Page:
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Annie’s Project helps Grinnell Mutual employees preserve agricultural lifestyle
Oct 29, 2013
Life changes in an instant. That’s what Grinnell Mutual Telecommunications Specialist Janet Dimit realized when her husband was diagnosed with lung cancer five years ago. The survival rate was just 15 percent. As a non-smoker, her husband received a good prognosis following surgery and celebrated his sixth year in remission this year. Still, the experience left Dimit thinking about the future.
"At the time I thought, ‘if something happens to Mark, I’ve got to hold our farm together. We have employees depending on us.’ I’ve always been involved with our farm, but I realized I needed to be more active in managing the farm," explained Dimit, who now handles the bookkeeping for their operation.
For Dimit, participating in Annie’s Project this spring provided an opportunity to sharpen valuable farm management skills. Even more so, it opened the door to meet other women who shared her passion – running a family farm.
Empowering women in agriculture
During February and March 2012, the Iowa State Extension office sponsored Annie’s Project, a six-week course designed for women to develop their farm management skills. Each week, 13 women gathered at Iowa Valley Community College in Grinnell to hear guest speakers and network with their peers. Dimit, as well as Business Analyst Erica Urfer, participated in the program.
"I knew the basics of farm management before beginning the program, but Annie’s Project enhanced my farm business knowledge," said Urfer. "I grew up on a farm but didn’t pick up the business skills until I married a farmer. Annie’s Project was started for women just like me so we don’t have to experience all of the learning curves of farm management by ourselves."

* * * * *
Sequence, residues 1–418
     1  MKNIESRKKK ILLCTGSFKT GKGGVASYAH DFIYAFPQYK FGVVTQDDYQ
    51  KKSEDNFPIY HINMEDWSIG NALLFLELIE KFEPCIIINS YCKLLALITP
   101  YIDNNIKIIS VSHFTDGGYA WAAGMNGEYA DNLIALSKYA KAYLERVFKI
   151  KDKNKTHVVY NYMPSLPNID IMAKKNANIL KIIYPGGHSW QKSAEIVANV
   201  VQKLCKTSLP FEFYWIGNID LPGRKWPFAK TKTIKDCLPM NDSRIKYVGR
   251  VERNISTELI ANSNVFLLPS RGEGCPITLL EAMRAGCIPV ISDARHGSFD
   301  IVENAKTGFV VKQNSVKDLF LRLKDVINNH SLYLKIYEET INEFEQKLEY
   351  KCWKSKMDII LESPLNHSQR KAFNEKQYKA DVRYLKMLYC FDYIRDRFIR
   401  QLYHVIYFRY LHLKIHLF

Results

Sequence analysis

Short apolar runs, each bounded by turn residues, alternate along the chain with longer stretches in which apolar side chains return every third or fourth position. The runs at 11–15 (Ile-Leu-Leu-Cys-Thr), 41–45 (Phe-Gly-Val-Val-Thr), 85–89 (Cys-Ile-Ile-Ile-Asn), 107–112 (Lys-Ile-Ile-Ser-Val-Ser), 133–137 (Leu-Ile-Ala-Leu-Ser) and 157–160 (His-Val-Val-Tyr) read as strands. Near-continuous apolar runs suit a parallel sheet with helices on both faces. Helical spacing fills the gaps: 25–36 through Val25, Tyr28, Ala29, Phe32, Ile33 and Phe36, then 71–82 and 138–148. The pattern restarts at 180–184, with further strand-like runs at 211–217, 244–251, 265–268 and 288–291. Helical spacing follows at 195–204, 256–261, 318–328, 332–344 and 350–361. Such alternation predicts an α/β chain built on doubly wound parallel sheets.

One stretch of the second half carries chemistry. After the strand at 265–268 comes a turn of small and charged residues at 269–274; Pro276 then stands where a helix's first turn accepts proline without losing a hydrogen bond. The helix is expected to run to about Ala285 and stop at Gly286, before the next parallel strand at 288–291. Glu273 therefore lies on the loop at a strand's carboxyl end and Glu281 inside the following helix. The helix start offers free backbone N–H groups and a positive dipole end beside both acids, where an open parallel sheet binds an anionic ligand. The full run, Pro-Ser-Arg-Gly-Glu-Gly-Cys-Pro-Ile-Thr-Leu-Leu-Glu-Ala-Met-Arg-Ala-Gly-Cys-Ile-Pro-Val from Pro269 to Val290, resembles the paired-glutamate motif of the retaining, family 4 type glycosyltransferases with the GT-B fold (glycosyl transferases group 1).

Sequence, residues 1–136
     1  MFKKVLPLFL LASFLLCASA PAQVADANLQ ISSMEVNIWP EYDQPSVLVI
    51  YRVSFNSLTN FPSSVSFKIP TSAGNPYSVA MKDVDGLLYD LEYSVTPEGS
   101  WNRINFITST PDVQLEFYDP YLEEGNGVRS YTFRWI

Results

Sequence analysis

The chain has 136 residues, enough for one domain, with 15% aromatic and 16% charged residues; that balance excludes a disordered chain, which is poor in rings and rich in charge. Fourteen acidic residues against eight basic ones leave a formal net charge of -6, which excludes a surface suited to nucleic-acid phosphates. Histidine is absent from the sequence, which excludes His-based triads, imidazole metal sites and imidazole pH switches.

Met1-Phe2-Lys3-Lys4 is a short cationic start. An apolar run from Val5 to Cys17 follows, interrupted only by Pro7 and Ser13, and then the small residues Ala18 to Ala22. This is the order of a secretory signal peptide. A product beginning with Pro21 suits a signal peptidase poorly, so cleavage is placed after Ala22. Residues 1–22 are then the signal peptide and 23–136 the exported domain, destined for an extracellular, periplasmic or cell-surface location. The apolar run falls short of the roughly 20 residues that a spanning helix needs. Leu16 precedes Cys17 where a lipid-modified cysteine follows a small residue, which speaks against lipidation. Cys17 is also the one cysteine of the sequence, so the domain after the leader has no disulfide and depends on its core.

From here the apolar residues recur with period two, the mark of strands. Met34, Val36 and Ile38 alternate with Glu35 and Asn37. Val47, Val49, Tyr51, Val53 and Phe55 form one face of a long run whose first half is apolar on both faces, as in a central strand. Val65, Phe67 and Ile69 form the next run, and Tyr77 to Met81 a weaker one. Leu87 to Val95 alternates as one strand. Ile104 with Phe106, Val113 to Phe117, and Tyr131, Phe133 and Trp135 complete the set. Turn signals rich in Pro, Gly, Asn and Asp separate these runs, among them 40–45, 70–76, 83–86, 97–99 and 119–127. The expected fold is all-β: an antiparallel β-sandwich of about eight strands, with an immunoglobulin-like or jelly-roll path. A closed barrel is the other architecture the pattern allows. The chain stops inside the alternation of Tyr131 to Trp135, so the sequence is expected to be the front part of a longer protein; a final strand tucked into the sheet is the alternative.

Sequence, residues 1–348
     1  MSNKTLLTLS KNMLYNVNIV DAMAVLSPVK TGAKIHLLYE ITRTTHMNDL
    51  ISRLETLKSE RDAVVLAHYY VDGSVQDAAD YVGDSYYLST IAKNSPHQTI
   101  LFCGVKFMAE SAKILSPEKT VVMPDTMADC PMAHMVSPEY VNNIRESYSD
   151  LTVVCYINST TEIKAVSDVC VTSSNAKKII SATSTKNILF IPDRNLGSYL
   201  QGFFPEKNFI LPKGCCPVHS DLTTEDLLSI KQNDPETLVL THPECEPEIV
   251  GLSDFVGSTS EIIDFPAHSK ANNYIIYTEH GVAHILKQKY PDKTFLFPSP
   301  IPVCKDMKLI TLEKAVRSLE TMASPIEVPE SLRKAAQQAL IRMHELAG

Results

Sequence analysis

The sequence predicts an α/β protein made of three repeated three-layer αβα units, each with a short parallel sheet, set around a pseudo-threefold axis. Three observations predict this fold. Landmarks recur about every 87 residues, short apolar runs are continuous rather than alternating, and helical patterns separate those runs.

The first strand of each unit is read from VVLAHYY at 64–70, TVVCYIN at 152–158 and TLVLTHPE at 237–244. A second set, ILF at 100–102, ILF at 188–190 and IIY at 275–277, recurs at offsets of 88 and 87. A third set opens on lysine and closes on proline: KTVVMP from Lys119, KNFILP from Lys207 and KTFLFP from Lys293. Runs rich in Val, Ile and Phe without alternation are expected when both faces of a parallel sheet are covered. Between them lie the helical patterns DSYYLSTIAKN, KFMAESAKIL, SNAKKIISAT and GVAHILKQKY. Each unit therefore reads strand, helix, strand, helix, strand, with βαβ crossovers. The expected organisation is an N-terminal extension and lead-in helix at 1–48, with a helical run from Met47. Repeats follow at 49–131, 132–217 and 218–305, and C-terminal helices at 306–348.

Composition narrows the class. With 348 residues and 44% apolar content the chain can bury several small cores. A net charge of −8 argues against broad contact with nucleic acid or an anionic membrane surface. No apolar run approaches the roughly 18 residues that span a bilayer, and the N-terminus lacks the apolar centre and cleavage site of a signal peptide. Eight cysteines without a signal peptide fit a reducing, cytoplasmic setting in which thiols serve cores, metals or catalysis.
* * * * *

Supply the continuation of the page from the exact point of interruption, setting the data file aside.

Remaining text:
The namesake of Annie’s Project, Annette Fleck (1922-1997), was a pioneering woman during some difficult days in agriculture. Annie and her husband lived on a farm in northern Illinois where she meticulously kept records. Soon, those records began successfully guiding their business decisions.
Annie’s daughter, Ruth, also farmed and worked as an educator for the University of Illinois Extension. Following her 30-year career, she founded Annie’s Project in 2009. Annie’s Project is currently offered in 27 states.
"During class, we took part in several hands-on activities," explained Dimit. "For instance, we used Iowa State University’s online Ag Decision Maker to run a cash-rent estimator and farm land purchase analysis. Those online tools are very helpful."
"My husband and I stayed up until midnight after the first class playing with the rental analysis. We already put it into practice for our farm operation this spring," agreed Urfer.
The group also discussed marketing grain, preparing financial statements, credit-ranking, and estate planning, among other topics. Following the program’s completion, participants continue receiving notices of other local conferences.
"I would recommend Annie’s Project to any woman who is interested in expanding her knowledge. Not only was it beneficial because of the tools that were provided, but it also opened doors to additional learning opportunities," said Urfer. "This experience has opened my eyes to how much I can learn from conferences and even from other farmers. My husband and I have only had our own operation for eight years, so we want to learn as much as we can so we never have to worry about losing our farm."
"The most valuable part of Annie’s Project was networking with other women who are as passionate about farming as I am," said Dimit. "Farming is truly a way of life. It’s really hard to imagine my life any other way."
Attend Annie’s Project
To learn more about Annie’s Project and find classes near you, go to the Iowa State Extension Service website at http://www.extension.iastate.edu/annie/upcomingclasses.html.
Photo caption: Grinnell Mutual employees, Erica Urfer and Dimit, attended Annie’s Project classes, an educational program for women to enhance their farm business skills. Urfer and her husband own a farm, as well as rent land, run a cow-calf operation, and do some custom farming — all after they finish their town jobs. Dimit and her husband grow corn, soybeans, and alfalfa. They also raise feeder calves.